This does not make the lawyer the enemy or opposite of a mediator. On the contrary, many of the most important aspects of mediation were created by learned lawyers. A lawyer, very often, prefers not to go to court as this is rarely in the best interest of anyone involved.

It is always best for a divorcing couple to get through the process as quickly and cleanly as possible, and an attorney knows this. By having an attorney at your side, you can still pursue a mediated divorce, while having someone there who can advise you on the legalities of the agreement you are pursuing.

Do You Need a Lawyer?

You do not need a lawyer to complete divorce mediation. The process is often very straightforward and is much easier than court. This is especially true if both parties are still friendly or have healthy respect for one another.

If you have any questions about the process of divorce mediation, we are here to provide any information and help we can. Connect with us today to get started.

Do you need a divorce lawyer?  Visit our partner firm, Jones Divorce Law LLP for more information.

sorryWhen a relationship ends, people often have things they need to say in order for both parties to continue to function and cooperate. During the divorce process, a lot of blame can be passed around, and people often say things they don’t mean when tension is running high.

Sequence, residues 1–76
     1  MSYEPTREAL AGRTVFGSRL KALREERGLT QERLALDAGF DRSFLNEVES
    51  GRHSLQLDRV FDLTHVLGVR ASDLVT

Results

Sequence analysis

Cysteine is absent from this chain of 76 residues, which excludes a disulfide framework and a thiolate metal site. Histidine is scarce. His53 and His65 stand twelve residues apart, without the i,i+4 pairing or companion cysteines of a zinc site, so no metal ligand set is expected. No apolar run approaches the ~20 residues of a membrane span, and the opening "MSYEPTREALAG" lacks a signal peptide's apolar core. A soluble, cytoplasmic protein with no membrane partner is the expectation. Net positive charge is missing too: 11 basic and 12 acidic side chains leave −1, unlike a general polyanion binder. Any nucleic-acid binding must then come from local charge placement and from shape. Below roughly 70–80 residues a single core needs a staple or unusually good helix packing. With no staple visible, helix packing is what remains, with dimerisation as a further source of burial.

These reactions feel reasonable and controlling them can be very difficult. A misplaced insult or a thoughtless action during mediation may cause regrets that can stay with us and our loved ones. During the divorce process, animosity and old wounds can make the process longer and more difficult. When there are children in the picture, reaching a point where all parties can heal is even more important.

As we all know, apologies matter when we have been hurt by someone close to us. The problem is, not all apologies are created equal and a poor apology can do more harm than good. As a divorce lawyers serving Calgary for over a decade, we would like to share some tips on how to make your apology count so you can avoid painful miscommunication with your spouse.